“Those fears are just not founded,” asserted Boniek. “An armed society is a polite society. That's the way it works in real life. Many of us carry firearms on a regular basis at work and at home.” Boniek added that the Second Amendment right to keep and bear arms is “part of what America is all about.”

“Many Americans were raised with guns,” he added. Balyeat also said he believes that fears of campground feuds involving guns are overblown, but that other dangers in Yellowstone are quite real. 

“There are predators in Yellowstone,” he said, “both animal and human. There are many cases historically where people have been attacked by both. It's a bad idea to ban guns in our national parks because you're advertising to human predators that parks are filled with defenseless people. It's like putting up a flashing sign that says “Human predators welcome! Defenseless people are here!” Regarding possible campground incidents involving guns, Balyeat said that “an individual who would resort to gunplay to solve a campground argument is already showing disrespect for the law.”

“The new law reduces the chance that a law-breaking individual would pull a gun,” he said.
“The reason we'll have peace is because we're peaceful people,” said Boniek of law-abiding gun owners. “Law enforcement only reacts…I don't need a deputy looking over my shoulder to keep me peaceable. I don't need a ranger tagging along.”

In the case of animal predators, Balyeat cites both grizzly bears and mountain lions as potential threats, but he emphasized his belief in the dangers that wolves pose to people.

“A school teacher jogging in Alaska was killed and eaten by wolves,” Balyeat said. “There was a similar incident in Canada. While there may be minor problems for Park officials [regarding guns in the Park], on balance the consequences for visitors is that they will be far safer…it's well worth it. While there may be a chance [that an animal is shot unnecessarily], I place far more value on human life than wildlife. If we can save even one human life because of this new law, that far outweighs the minor risk that someone may shoot a bear or a wolf unnecessarily.”

Morris maintained that part of the special experience that the nation's national parks have provided to visitors will be lost with the new law.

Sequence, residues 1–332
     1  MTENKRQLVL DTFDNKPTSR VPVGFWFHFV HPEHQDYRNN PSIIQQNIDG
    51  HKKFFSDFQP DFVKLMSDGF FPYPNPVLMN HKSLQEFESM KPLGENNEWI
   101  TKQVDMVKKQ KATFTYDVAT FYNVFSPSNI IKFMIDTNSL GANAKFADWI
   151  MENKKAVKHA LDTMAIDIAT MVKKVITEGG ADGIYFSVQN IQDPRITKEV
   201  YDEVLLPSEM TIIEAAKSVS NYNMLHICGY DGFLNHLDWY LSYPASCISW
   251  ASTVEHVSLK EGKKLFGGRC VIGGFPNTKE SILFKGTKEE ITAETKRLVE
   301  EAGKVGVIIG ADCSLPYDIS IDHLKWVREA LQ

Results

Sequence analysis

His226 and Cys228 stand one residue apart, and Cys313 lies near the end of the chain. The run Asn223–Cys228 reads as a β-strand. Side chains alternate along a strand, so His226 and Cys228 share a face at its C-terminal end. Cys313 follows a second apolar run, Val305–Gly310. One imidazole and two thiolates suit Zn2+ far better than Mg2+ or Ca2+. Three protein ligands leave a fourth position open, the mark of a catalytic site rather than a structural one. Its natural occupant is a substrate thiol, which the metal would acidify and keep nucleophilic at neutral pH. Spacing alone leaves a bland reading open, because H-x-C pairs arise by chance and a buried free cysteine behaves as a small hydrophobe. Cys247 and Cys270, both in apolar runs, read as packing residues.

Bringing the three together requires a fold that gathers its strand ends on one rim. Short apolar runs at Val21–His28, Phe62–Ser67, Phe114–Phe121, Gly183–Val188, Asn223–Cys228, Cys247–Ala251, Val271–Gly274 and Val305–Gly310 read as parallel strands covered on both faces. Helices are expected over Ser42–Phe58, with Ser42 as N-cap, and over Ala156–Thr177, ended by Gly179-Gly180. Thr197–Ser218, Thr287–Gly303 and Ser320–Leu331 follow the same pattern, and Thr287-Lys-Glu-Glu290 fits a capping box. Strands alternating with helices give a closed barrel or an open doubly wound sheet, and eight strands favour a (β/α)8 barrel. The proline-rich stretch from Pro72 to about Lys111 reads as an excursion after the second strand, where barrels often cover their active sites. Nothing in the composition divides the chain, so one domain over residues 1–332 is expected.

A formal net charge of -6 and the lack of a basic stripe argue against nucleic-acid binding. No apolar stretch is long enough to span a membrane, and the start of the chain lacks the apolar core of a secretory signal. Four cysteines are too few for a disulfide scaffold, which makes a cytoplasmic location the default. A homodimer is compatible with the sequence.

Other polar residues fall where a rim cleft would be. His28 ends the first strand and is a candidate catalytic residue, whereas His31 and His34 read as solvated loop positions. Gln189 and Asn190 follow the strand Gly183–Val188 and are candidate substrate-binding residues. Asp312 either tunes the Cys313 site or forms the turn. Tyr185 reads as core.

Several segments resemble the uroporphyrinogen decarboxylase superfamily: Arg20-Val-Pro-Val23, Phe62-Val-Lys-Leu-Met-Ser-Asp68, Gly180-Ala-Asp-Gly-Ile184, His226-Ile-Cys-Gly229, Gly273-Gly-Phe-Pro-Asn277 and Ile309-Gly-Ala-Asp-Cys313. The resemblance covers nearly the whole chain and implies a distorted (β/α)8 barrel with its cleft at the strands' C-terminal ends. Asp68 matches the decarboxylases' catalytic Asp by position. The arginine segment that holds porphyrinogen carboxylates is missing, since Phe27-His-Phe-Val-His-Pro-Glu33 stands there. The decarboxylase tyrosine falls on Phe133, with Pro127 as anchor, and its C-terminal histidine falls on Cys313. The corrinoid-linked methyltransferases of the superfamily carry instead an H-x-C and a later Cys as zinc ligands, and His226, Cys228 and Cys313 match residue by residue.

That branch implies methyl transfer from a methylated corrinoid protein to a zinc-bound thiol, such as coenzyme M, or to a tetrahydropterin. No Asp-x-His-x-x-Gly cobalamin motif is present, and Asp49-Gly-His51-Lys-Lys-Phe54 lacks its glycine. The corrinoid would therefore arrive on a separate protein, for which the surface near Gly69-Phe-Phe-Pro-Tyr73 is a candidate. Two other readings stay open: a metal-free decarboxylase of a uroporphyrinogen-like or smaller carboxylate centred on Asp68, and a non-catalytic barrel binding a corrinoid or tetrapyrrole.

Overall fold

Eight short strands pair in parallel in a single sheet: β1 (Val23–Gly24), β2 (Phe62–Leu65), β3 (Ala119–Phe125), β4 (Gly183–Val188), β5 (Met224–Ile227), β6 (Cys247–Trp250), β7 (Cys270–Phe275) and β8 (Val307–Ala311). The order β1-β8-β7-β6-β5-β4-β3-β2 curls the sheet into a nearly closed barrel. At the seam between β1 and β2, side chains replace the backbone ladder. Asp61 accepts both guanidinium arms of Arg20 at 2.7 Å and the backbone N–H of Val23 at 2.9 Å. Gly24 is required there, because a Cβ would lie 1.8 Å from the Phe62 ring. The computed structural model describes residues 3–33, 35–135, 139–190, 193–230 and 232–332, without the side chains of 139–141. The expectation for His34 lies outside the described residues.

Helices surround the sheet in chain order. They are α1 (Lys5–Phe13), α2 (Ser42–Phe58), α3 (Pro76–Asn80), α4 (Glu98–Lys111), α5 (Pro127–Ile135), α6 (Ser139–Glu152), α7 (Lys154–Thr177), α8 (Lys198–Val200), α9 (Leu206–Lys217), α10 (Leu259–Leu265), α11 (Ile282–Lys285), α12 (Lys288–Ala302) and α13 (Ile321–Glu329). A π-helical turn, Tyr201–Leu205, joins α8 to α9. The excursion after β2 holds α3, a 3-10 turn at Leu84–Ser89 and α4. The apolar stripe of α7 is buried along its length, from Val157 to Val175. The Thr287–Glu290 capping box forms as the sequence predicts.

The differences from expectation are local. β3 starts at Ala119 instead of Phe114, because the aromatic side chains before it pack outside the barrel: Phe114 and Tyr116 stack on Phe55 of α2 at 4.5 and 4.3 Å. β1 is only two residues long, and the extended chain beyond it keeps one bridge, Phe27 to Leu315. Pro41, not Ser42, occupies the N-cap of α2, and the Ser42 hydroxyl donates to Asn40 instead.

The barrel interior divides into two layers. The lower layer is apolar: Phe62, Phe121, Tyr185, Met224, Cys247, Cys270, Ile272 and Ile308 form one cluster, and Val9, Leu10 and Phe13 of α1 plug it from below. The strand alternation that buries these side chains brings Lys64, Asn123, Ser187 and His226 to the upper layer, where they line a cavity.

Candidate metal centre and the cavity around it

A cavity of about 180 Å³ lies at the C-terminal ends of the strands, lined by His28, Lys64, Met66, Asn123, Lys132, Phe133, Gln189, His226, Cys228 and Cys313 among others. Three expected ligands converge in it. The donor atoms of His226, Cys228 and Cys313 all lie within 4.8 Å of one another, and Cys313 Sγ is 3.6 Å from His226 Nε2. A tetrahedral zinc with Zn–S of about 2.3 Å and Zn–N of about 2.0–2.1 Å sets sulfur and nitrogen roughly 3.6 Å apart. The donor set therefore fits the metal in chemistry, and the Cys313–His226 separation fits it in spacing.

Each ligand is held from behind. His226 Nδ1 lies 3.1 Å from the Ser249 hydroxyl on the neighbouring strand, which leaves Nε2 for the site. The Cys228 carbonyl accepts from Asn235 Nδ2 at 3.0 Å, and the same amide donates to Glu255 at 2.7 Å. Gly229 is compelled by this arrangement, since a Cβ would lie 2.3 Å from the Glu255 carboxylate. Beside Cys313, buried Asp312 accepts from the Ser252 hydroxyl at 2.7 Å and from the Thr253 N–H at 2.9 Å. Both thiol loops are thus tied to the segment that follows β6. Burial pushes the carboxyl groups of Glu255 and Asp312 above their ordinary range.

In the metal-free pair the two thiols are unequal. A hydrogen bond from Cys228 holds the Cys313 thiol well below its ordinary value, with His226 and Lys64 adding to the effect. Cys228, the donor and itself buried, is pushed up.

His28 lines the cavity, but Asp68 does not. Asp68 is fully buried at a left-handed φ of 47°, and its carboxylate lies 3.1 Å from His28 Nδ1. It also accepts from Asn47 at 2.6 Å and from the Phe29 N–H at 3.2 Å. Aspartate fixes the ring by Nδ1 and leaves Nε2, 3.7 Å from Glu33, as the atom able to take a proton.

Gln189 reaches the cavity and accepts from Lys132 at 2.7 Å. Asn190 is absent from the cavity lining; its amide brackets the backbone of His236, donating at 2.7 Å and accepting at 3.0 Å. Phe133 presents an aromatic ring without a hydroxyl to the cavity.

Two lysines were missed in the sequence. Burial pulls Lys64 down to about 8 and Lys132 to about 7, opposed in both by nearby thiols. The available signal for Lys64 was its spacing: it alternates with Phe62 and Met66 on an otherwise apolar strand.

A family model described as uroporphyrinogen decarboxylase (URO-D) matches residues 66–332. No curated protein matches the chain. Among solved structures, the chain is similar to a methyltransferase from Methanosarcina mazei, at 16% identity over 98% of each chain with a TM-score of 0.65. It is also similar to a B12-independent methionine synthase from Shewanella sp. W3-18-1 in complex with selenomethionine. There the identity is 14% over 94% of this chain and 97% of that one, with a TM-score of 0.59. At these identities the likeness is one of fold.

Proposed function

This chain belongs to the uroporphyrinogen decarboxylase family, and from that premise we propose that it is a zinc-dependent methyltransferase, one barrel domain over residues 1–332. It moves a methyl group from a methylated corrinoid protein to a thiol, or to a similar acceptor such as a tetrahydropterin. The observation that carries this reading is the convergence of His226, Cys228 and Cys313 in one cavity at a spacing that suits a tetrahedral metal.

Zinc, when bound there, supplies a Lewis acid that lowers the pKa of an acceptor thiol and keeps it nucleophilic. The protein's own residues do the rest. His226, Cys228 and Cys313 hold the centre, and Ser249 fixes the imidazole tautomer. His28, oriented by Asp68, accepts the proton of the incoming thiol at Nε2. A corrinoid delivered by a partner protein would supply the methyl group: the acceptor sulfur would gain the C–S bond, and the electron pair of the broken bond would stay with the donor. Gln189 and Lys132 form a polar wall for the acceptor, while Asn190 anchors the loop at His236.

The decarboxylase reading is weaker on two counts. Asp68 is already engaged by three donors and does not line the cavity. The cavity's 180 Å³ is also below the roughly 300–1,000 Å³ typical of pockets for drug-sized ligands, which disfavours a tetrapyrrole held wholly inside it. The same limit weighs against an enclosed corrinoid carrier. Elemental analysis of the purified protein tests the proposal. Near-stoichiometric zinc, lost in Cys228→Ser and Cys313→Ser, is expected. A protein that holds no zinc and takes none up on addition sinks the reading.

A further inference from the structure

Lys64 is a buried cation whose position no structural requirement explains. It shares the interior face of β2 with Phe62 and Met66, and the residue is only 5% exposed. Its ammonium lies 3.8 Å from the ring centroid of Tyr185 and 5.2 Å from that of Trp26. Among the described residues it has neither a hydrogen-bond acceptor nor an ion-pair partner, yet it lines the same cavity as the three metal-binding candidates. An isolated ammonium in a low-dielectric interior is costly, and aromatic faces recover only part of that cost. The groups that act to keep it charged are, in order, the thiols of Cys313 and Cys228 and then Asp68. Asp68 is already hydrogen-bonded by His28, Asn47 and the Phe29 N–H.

“Parks have been among the safest places in America,” Morris said. “There's just not been as much gun violence. The retired rangers have made such a strong argument that not only is this new law not necessary, but it can lead to real harm. For families and international guests the presence of conspicuously shown firearms makes our parks less special…we're also quite worried about that.” Morris said the Coalition of National Park Service Retirees is monitoring events around the country regarding guns in the parks.
“I've known numerous folks who wouldn't go into Yellowstone because one of their fundamental rights was taken away from them,” said Boniek. “I'm always very happy when our constitutional rights are restored. That's a happy day. That's why we live in America.”

Chief Ranger Tim Reid of Yellowstone National Park told the Pioneer that although the issue of guns in the Park “seems to be a pretty contentious issue with two polarized ends of the spectrum, we're just going to implement the law fairly.” He also said that though loaded guns are allowed in the Park, firing those weapons in the Park is still against the law. Reid added that individuals intending to carry concealed firearms within the Park's borders should familiarize themselves with the state laws applicable to the part of the Park they will utilize. Weapons will still not be allowed in any National Park Service buildings, including visitors centers, and hotels and concessionaires are expected to follow suit and ban weapons from their operations. Reid said he doesn't anticipate any real trouble in Yellowstone resulting from the new firearms rules.

“We're shooting straight down the middle here…pun intended…and intend to implement this new law like we do our other laws,” said Reid. “We'll see how the season rolls out. It seems that pretty reasonable people are in possession of firearms. We're hoping that will continue to be the case in Yellowstone this summer.”